Geometrical Analysis and Optimization of 5-Axis Milling Processes
Tunç, Taner L. (2006) Geometrical Analysis and Optimization of 5-Axis Milling Processes. [Thesis]
5-axis milling processes are widely used in industries where complex surfaces are machined, and cutter accessibility is limited due to geometrical constraints on the workpiece. Additional motion capability increases the accessibility of the cutting tool, so it becomes possible to machine complex surfaces despite the geometrical constraints. In most of these industries dimensional tolerance integrity, surface quality, and productivity are of great importance. Therefore, identification of optimal or nearoptimal process conditions, and selection of appropriate machining strategy for a given workpiece are required. Increased motion capability in 5-axis complicates the geometry and the mechanics of the process. Thus, optimization of 5-axis milling processes becomes a complex engineering problem. In order to solve such a problem, process models should be used together with geometrical analysis methods. In selection of appropriate machining strategy, surface characteristics should be known together with the process mechanics. In this thesis, a complete geometrical model is presented for 5- axis milling processes using ball-end mills. The developed model is integrated with an existing 5-axis process model in order to simulate the cutting forces throughout a given toolpath. Also, the effect of lead and tilt angle pair on process mechanics is investigated, and optimized values of those under various conditions are identified. In addition, a model suggesting the most appropriate strategy among various machining strategies for roughing and finishing operations for regular free form surfaces is presented. The developed models are verified through experiments and their applications are demonstrated on complex surfaces.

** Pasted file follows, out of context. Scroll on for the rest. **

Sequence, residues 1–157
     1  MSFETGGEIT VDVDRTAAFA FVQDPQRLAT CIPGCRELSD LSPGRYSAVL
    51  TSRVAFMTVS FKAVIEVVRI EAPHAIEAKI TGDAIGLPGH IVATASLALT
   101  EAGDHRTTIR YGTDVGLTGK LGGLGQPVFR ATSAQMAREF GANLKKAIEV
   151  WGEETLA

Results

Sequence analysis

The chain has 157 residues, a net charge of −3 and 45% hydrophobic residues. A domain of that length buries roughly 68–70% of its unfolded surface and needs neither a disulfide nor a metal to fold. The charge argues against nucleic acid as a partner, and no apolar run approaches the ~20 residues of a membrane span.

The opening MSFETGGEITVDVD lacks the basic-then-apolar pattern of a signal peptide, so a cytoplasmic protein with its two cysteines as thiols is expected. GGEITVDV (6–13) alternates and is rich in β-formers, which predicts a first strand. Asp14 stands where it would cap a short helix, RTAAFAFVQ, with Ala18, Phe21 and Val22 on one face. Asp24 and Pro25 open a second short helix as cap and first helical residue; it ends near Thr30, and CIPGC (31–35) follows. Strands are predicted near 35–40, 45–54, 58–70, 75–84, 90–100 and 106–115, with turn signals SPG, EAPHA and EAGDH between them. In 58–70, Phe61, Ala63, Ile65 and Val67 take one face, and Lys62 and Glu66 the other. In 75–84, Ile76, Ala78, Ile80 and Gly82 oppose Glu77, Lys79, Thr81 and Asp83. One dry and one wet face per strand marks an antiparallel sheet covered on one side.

Repository Staff Only: item control page